First of all, it's important to realize that in hard-disk recording a number of large audio files are being written and read back from this hard drive in real time. This means that if you're trying to play back 24 tracks, your hard drive needs to be able to find and read those 24 audio files from wherever they're located on the drive and send them on over to the computer's processor, to be played back by the audio program. Not an easy task, especially when you start dealing with the much larger 24-bit files.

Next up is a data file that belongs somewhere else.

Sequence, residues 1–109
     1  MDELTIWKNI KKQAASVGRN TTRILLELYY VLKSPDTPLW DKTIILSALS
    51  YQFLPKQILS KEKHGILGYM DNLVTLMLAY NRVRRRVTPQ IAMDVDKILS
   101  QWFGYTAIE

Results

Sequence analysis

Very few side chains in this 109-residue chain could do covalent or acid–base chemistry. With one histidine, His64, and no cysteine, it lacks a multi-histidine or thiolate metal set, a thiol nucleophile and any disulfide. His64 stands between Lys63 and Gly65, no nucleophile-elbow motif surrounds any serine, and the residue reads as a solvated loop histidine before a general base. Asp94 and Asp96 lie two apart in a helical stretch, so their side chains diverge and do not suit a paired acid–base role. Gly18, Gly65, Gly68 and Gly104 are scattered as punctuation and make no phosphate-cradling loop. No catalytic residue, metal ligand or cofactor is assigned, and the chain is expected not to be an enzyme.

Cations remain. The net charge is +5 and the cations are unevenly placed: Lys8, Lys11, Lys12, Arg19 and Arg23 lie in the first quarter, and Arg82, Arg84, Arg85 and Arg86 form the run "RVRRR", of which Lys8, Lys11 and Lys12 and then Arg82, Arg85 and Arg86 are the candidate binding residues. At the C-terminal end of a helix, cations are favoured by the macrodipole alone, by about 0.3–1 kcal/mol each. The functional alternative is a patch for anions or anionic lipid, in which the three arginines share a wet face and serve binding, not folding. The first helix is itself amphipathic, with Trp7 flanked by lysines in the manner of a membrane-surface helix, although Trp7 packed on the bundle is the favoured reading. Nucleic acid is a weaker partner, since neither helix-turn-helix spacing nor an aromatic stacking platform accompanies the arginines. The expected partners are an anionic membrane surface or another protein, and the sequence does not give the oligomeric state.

The "access time" and "seek time" of a hard drive are usually the biggest factors in determining whether a hard drive is fast enough to do what you need it to do. These two times are usually determined by the speed of rotation of the hard drive - it is a spinning disk, after all - which is specified in RPM. Common speeds for a hard drive may be 5400, 7200 or 10,000 RPM. The "seek time" represents how fast a hard drive can find a file and locate the "playback" head to where it is located; the "access time" determines how fast it can get that data to a computer's processor. Both of these times are usually noted in milliseconds, so it's important that these numbers are as small as possible. Otherwise, you'll be waiting a long time as your hard drive tries to find all the audio files for your song just so that you can hear them.